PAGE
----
CASA Version Numbering
The goal of CASA version numbering is to provide a simple description of periodic CASA builds which has a direct correlation to a particular source code revision. It is important that this correspondence be maintained as development progresses so that users and developers can be confident that they are referring to the same thing when discussing problems or features.
CASA Versions (New convention)
The various build and packaging changes detailed below are intended to provide CASA developers, user testers and end-users with a simpler, more self-consistent convention for identifying packages. Behind the scenes, the new system should obviate the need for the large merges between development branches that have previously hindered timely public CASA releases.
In addition to the changes below, the reader is also advised to review the (comparatively minor) changes to the new CASA launch commands that are described in detail here
Package Types ("test", "stable", etc.)
In terms of what package types will be automatically available at the NRAO (via RPM, Tarball or .dmg), the following versions will be supported:
- Test: In order to support staff who need fast access to the latest capabilities we are increasing the frequency of the "test" package. "Test" will be used to denote any nightly package that has build successfully and is known to start. No additional testing constraints are being placed on these packages, and so users may consequently find them to be less robust.
- Stable: Any such "test" package (as defined above) that is found to pass all of the regression testing will be promoted to be the newest "Stable" package. Note that this means that any such stable will still have passed the same level as testing as the old-style stable packages did. Note that this does mean that the "Stable" package may update fairly frequently: potentially from one night to the next. A longer-term future goal will be to improve the level of automated testing at this stage, which would in turn increase the overall stringency of which "Test" packages qualify for promotion to "Stable" status.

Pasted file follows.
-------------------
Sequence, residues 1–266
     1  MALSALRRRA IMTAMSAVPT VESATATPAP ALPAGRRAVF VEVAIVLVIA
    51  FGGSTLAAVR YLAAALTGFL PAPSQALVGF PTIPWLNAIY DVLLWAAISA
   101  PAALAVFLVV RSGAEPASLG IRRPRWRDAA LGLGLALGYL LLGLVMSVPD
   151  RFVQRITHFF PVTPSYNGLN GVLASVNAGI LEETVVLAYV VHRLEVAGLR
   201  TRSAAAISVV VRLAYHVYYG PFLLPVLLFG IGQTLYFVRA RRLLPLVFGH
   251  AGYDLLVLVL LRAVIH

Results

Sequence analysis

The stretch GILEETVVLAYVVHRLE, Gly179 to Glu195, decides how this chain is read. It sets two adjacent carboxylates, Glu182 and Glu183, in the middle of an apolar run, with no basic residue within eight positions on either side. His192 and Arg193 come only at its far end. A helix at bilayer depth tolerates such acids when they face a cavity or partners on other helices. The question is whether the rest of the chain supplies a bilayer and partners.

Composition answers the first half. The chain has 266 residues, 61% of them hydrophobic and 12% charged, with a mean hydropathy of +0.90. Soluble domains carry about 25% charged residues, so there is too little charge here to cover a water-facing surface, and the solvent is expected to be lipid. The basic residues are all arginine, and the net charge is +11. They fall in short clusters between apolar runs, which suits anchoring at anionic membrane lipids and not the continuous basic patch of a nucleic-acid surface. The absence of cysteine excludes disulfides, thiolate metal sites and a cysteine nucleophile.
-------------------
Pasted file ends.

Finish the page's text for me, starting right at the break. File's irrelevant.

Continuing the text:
- Monthly: On the first day of each month, the latest "stable" package will be labelled as the new "monthly" package. This new "monthly" will remain unchanged for the remainder of the month. This tier is intended to balance the need for rapid updates of the code with requirements of stability for long running jobs.
- Release: These will be the semi-annual releases. These packages will have been subjected to additional human user testing beyond the automated testing. These will be accompanied by the usual accompanying documentation updates. Release packages will come from a "Release" branch that is triggered following the production of a suitable "Stable" package that has been identified to be "feature complete" for the purposes of the upcoming public release.
Human user testing should consequently be conducted on "Stable", "Monthly" or "Release" packages. This should minimize user tester exposure to packages that have not passed automated testing first.
A more self-consistent method of version identification is being adopted. A summary is provided in this section.
In future, all CASA packages will be identified by a number of the format X.Y.Z-TYPE (e.g. "4.5.6-DEV"). This is reported when CASA is launched, and the X.Y.Z number is also reflected in the filename of the corresponding tarball ( see here for details
- X: This is the main CASA version number. An increase of X is rare. It denotes some major change to the package as a whole, and the decision to increment X is as much a "marketing" consideration as anything else.
- Y: An increase in this normally denotes the release of a semi-annual CASA public release (unless X has just been incremented, in which case it will be reset to "0").
- Z: This normally denotes the number of the internal-use test (or release branch) package.
- TYPE: "DEV" or "REL" - denotes whether the package is a development build on the trunk (DEV) or a release branch package (REL). Note that this descriptor is not explicitly included in the package filename as it would be redundant (e.g. "casa-release-4.3.0-REL.tar.gz").